November 2007
Software Enabling Technologies for Petascale Science
E. Wes Bethel, Lawrence Berkeley National Laboratory
Chris Johnson, University of Utah
Cecilia Aragon, Lawrence Berkeley National Laboratory
Prabhat, Lawrence Berkeley National Laboratory
Oliver Rübel, Lawrence Berkeley National Laboratory
Gunther Weber, Lawrence Berkeley National Laboratory
Valerio Pascucci, Lawrence Livermore National Laboratory
Hank Childs, Lawrence Livermore National Laboratory
Peer-Timo Bremer, Lawrence Livermore National Laboratory
Brad Whitlock, Lawrence Livermore National Laboratory
Sean Ahern, Oak Ridge National Laboratory
Jeremey Meredith, Oak Ridge National Laboratory
George Ostrouchov, Oak Ridge National Laboratory
Ken Joy, University of California, Davis
Bernd Hamann, University of California, Davis
Christoph Garth, University of California, Davis
Martin Cole, University of Utah
Charles Hansen, University of Utah
Steven Parker, University of Utah
Allen Sanderson, University of Utah
Claudio Silva, University of Utah
Xavier Tricoche, University of Utah

Adaptive Mesh Refinement Visualization

Adaptive Mesh Refinement (AMR) techniques combine the compact, implicitly specified structure of regular, rectilinear with the adaptivity to changes in scale of unstructured grids. AMR has proven particularly useful for modeling multiscale computational domains that span many orders of magnitude of spatial or temporal scales by focusing solvers on regions where “interesting” physics or chemistry occur. Such domains include applications like astrophysics supernova modeling, where the simulation endeavors to model phenomena that occur at scales ranging from sub-kilometer to interplanetary. AMR avoids the inefficiencies inherent in attempting to model this vast computational domain at a single, fine, homogeneous resolution.

Handling AMR data for visualization is challenging, since coarser information in regions covered by finer patches is superseded and replaced with information from these finer patches. During visualization, it becomes necessary to manage the selection of which resolutions are being used. Furthermore, it is difficult to avoid discontinuities at level boundaries, which, if not properly handled, lead to visible artifacts in visualizations. Due to these difficulties, AMR support as first class data type in production visualization tools has been lacking despite the growing popularity of AMR-based simulations.17

Figure 6

Figure 6. Production-quality visualization of data from an AMR-based simulation of a hydrogen flame. The left panel shows three orthogonal slices colored by temperature (blue is colder, red is hotter). The right panel shows an image produced with volume rendering of the same variable from this dataset. (Simulation data courtesy M. Day and J. Bell, Lawrence Berkeley National Laboratory; images courtesy G. Weber, Lawrence Berkeley National Laboratory).

Through interactions with our computational science stakeholders, VACET is providing production-quality, parallel capable software providing capabilities that fulfills needs in exploratory, analytical and presentation AMR visualization. Our deployment software – VisIt18 – is an open source visualization tool that accommodates AMR as a first class data type. VisIt handles AMR data as a special case of “ghost data,” i.e., data that is used to make computations more efficient, but which is not considered to be part of the simulation result. VisIt tags cells in coarse patches that are available at finer resolution as “ghost” cells, allowing AMR patches to retain their highly efficient native format as rectilinear grids. VisIt offers a rich set of production-quality functions, such as pseudocolor and volume rendering plots (Figure 6), for visualization and analysis of massive scale data sets, making it an ideal candidate to replace specialized AMR visualization tools.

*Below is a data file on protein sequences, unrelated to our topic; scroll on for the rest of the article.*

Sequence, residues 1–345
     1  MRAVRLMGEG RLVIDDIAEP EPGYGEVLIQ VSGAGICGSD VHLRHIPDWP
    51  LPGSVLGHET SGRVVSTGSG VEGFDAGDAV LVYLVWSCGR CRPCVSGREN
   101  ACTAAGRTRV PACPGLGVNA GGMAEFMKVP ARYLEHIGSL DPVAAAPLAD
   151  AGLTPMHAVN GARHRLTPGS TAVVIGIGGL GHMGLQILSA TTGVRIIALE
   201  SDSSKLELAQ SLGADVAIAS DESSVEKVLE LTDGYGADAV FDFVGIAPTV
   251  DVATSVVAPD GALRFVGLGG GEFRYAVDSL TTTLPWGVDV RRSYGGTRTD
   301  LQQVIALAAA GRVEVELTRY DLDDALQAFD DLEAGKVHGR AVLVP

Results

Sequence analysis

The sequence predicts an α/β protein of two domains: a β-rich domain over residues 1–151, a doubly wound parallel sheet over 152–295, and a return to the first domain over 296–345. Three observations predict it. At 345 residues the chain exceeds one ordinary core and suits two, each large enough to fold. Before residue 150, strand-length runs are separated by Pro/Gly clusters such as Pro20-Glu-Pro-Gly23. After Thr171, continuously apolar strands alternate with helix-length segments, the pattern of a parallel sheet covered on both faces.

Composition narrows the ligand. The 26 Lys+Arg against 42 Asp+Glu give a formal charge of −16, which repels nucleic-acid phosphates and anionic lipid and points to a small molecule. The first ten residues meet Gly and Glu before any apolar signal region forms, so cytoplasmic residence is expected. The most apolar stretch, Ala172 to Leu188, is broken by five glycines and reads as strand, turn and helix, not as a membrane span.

Figure 7

Figure 7. Spreadsheet plots are an important tool for debugging AMR codes. They support direct viewing of numerical data in patch cells. VisIt labels selected cells both in Spreadsheet and 3D visualizations allowing users to recognize correspondences quickly and effectively.

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Reference this article
Bethel, E. W., Johnson, C., Aragon, C., Prabhat, Rübel, O., Weber, G., Pascucci, V., Childs, H., Bremer, P.-T., Whitlock, B., Ahern, S., Meredith, J., Ostrouchov, G., Joy, K., Hamann, B., Garth, C., Cole, M., Hansen, C., Parker, S., Sanderson, A., Silva, C., Tricoche, X. "DOE's SciDAC Visualization and Analytics Center for Enabling Technologies - Strategy for Petascale Visual Data Analysis Success," CTWatch Quarterly, Volume 3, Number 4, November 2007. http://www.ctwatch.org/quarterly/articles/2007/11/does-scidac-visualization-and-analytics-center-for-enabling-technologies-strategy-for-petascale-visual-data-analysis-success/

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